Since the time that companies started using social media for marketing and customer service, social media experts have preached about the importance of online “listening.” The social media meaning of “listening” means that you are looking for mentions of your company or your product. Sometimes these are really easy to find. If someone mentions you on Twitter, for example, you’ll see it in your notifications without having to look very hard. You also want to have some methodology for looking for mentions of your company or product that might not use your specific handle or even your precise name.
Monitoring social media for mentions of or allusions to your brand can be a mixed bag. Sometimes you may find really kind reviews. At other times you may uncover serious problems, and you have to have a plan in place to be able to work those out on the fly. You have probably heard all of this before, just like you’ve heard that eating a dozen donuts probably is not going to help your health. Do you take it to heart, however?
“I’m so livid.”
While doing social media research for a client, I was looking for how their competitors handle social media marketing. I approach this in a lot of ways, but one of the first things I do on Facebook is a search. This uncovers the company page along with mentions from people around the Facebook world. I put the competitor’s name into the search bar, and one of the first results I got was a complaint a few paragraphs long WITH a picture of the problem. “I’m so livid,” the complaint begins. It turned out that the product promised to do a lot of things, and for the most part it did the complete opposite.
I noticed two interesting things when I found this post. First, despite the obvious passionate response of the person posting, the company did not reply at all. Additionally, the post appeared slightly shaded and there was a note that said the post had been hidden from the company’s page. Clearly this competitor of our client has blocked all comments to their page, but because this was a mention, it shows up in search results quite prominently. This makes the company look doubly bad.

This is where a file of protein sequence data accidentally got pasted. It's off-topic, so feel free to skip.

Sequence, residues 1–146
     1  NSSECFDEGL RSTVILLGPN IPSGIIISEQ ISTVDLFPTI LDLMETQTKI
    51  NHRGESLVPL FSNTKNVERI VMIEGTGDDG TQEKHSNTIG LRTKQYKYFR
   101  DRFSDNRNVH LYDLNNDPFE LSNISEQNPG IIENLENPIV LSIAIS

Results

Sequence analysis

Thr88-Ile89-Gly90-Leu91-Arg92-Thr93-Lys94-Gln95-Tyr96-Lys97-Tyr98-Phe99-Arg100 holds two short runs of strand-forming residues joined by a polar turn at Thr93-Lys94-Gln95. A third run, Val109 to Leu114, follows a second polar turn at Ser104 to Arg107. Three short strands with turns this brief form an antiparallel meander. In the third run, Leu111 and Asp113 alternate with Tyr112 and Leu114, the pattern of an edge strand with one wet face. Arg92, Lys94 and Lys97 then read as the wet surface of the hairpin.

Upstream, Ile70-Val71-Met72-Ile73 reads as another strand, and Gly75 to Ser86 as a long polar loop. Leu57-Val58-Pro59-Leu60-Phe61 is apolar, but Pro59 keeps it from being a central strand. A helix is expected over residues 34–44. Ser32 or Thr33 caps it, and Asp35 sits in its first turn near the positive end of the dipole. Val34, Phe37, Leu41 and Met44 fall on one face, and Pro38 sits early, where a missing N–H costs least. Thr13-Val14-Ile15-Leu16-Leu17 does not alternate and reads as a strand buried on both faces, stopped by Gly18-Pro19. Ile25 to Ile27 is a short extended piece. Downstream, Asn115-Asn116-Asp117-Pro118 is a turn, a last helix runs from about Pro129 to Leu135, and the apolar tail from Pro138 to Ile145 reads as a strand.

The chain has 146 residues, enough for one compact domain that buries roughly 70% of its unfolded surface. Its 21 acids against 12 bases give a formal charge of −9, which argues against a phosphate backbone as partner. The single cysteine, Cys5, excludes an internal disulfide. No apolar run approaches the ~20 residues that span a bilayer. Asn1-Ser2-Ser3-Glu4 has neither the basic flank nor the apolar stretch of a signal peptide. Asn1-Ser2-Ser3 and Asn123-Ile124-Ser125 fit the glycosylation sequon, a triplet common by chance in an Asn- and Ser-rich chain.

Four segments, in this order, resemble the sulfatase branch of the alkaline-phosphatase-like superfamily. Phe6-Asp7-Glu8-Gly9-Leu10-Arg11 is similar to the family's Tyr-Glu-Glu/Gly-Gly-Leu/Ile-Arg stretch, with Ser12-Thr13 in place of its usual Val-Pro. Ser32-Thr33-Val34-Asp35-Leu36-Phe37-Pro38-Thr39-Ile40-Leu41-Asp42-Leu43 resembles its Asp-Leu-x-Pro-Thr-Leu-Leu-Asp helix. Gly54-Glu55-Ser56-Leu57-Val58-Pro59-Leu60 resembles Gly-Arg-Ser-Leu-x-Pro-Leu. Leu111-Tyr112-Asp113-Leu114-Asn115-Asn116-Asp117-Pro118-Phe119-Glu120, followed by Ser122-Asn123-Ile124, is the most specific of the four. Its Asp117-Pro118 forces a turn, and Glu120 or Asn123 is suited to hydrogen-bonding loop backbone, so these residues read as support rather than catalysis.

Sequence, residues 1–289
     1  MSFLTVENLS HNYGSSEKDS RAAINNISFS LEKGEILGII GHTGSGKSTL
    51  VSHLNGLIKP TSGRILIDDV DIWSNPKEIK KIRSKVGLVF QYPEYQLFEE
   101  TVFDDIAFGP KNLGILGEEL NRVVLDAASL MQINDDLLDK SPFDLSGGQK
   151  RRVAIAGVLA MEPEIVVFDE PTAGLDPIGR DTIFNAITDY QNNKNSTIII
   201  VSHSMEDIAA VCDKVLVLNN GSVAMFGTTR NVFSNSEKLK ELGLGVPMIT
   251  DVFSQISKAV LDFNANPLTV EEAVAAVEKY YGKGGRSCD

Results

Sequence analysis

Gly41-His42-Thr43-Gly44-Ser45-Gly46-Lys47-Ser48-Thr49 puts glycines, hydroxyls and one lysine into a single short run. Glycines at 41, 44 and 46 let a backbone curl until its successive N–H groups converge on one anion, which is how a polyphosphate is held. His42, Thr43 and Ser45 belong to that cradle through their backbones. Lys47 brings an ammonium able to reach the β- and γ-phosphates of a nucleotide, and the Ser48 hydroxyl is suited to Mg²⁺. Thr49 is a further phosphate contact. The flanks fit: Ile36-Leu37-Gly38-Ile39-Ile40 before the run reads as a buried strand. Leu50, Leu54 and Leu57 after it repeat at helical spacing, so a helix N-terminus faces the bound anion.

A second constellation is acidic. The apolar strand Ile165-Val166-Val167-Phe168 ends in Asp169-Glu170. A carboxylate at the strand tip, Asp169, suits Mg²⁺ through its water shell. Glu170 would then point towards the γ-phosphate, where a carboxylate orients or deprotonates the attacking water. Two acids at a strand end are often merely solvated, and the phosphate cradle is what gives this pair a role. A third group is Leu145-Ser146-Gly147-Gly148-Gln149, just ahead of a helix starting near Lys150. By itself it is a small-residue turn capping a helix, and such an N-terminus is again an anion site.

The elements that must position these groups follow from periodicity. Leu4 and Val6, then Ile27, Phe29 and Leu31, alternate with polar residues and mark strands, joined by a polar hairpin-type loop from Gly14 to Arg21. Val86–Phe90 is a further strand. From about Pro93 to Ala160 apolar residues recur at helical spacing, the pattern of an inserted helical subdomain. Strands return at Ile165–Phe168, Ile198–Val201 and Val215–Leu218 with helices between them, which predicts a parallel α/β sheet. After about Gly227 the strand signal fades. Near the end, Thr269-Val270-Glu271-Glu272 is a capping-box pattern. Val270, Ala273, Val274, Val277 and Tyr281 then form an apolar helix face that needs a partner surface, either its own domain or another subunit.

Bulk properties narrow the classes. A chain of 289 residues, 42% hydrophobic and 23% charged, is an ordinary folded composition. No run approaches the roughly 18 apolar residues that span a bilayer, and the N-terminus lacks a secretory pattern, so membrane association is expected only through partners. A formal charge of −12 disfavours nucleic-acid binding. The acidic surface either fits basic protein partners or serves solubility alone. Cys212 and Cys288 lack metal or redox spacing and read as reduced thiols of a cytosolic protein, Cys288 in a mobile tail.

Opening the Door to Your Competition
We showed this example to our client and made a couple of points. First of all, our client has a ready-made list of flaws to attack in the competition (with pictures!). Even more fun, however, was mentioning that since the company did not bother to respond, our client easily could. It was a public post, after all. Our client could pop on there and say, “Wow, so sorry to hear this happened. Here’s a way to fix things, and by the way our product does not cause these problems.” Would the company notice that comment? If they aren’t listening, probably not.
You Can Listen Without Responding (If You Want)
In social media, just like in the non-digital world, you can listen without the intent to respond. Online listening teaches you a lot, but not everything is actionable. If you are repeatedly finding the same complaint about a product of yours, you may want to meet with your product development team and your customer service team before saying anything in public. That way you can make sure your responses are on point, consistent, and accurate. The main point is to be sure you’re listening first. Plans based on that listening can come later.
Are you listening online? If you aren’t, you may be missing a world of opportunities ranging from learning about potential issues with competitive products to hearing rave reviews about your company. It’s never too late to get started. Turn those ears on today.
Image Credit: https://www.flickr.com/photos/22888902@N04/4435941091/ via Creative Commons